Music prize presented
Violinist Mayumi Kanagawa was the winner of first prize at the Princess Astrid International Music Competition on Thursday evening. Her Highness Princess Astrid, Mrs Ferner presented the prize.
Ludvig Gudim of Norway won second prize. He was also awarded the Finn Audun Oftedal Memorial Scholarship as the best Norwegian contestant in the final rounds.
A total of 90 candidates from around the world applied to the competition. The international jury narrowed the field for this year’s competition down to nine violinists: two from Norway, one from Japan, four from the US, one from Germany and one from Australia. Three of these advanced to the finals held at Olavshallen in Trondheim on Thursday, 1 December.
The three finalists – Ludvig Gudim (Norway), Mayumi Kanagawa (USA) and Suyeon Kang (Australia) – each performed two pieces at the final concert, which was conducted by the Finnish conductor Anna-Maria Helsing. The audience held its breath as the jury leader, Professor Else Båtnes, announced that the US violinist had won the competition. First prize includes a soloist engagement with Trondheim Symphony Orchestra as well as a cash prize.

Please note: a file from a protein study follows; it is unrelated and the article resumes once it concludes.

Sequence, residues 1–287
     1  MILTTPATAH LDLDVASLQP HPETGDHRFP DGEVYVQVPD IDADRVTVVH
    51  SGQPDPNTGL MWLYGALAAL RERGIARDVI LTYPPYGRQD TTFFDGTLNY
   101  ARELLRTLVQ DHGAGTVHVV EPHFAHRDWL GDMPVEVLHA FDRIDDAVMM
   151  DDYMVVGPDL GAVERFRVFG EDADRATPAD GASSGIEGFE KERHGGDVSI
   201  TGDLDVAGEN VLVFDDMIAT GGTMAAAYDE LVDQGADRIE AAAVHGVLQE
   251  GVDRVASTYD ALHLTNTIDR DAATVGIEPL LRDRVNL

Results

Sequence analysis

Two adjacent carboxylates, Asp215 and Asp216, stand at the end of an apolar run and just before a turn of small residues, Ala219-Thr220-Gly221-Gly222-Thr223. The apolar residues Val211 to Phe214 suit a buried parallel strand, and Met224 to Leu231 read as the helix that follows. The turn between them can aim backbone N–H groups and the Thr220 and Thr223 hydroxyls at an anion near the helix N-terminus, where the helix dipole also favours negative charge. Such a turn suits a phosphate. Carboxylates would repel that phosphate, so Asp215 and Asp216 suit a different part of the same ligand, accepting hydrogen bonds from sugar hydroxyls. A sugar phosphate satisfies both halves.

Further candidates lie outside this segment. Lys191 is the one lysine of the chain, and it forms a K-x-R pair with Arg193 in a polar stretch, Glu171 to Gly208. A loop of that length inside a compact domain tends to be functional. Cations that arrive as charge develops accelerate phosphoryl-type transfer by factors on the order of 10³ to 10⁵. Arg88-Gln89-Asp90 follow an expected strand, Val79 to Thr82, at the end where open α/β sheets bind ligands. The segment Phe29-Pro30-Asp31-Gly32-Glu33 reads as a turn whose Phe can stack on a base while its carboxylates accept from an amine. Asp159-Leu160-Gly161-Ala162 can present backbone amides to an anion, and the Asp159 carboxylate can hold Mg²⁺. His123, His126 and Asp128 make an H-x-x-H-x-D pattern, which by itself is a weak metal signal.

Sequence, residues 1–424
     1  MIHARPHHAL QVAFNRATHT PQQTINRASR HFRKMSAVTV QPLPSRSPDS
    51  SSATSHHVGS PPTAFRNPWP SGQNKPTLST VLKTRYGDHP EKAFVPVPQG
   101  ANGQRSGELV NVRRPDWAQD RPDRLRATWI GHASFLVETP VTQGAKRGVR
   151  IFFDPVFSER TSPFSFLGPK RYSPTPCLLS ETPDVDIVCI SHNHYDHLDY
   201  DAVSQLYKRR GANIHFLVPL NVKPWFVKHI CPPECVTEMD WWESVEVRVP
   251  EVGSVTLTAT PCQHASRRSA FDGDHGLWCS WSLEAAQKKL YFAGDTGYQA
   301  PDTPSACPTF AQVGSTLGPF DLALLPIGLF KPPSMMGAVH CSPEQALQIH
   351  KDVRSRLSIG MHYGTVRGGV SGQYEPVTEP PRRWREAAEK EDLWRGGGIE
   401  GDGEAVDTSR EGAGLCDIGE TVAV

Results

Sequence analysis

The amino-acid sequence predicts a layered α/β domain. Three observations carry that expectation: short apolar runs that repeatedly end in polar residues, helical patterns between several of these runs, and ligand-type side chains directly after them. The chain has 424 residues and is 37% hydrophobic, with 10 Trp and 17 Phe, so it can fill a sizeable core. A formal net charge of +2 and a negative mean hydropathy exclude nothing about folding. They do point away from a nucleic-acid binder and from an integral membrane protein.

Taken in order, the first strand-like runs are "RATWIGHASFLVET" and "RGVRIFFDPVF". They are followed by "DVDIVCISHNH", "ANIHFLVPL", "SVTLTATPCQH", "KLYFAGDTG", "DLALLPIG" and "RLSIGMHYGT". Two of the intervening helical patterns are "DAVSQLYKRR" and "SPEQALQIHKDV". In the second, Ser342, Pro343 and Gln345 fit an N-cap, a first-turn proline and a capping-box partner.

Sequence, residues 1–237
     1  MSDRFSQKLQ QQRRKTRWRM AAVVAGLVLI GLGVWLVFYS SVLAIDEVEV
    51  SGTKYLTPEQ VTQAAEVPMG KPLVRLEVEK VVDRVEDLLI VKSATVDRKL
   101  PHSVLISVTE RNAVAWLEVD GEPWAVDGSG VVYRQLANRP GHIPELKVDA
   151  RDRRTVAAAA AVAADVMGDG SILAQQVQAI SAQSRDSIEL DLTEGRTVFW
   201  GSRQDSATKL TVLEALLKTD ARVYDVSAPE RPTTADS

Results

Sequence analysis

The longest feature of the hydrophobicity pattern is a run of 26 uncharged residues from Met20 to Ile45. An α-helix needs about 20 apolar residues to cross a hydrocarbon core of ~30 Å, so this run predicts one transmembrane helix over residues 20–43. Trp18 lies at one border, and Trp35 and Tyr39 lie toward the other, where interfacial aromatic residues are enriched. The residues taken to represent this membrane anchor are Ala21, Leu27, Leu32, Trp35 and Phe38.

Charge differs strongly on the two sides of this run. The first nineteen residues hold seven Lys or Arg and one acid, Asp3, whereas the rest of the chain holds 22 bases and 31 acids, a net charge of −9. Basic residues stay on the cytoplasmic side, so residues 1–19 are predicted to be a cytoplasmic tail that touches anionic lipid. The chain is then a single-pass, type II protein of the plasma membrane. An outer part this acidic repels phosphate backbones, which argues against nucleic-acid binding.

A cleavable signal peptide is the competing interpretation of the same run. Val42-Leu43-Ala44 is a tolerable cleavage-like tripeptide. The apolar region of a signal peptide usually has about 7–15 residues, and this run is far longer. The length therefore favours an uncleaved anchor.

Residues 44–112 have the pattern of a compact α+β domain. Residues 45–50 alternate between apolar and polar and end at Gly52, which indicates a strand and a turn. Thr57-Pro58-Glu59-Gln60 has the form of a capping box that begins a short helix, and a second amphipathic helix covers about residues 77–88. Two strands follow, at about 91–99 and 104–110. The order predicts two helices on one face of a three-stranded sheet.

Established in 1953
The Princess Astrid International Music Competition was established in 1953, and musicians must be under 30 years old to be eligible. The instrument featured in the competition varies and is determined from year to year.
The competition is held every second year, alternating with the Queen Sonja International Music Competition. The event is organised by Trondheim Symphony Orchestra, and it was Finn Audun Oftedal, the orchestra’s conductor at the time, who took the initiative to introduce the prize. Pianist Kjell Bækkelund was the first to win the competition, followed by violinist Arve Tellefsen in 1956.
Princess Astrid, Mrs Ferner is the Royal patron of the competition.
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